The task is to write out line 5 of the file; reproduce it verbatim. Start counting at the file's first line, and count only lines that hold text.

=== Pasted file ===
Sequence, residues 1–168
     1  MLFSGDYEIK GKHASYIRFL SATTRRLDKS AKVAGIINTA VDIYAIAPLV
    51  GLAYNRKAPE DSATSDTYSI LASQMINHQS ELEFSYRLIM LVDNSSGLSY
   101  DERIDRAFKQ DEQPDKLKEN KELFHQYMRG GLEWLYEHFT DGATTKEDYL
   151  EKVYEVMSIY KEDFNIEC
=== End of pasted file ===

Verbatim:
   151  EKVYEVMSIY KEDFNIEC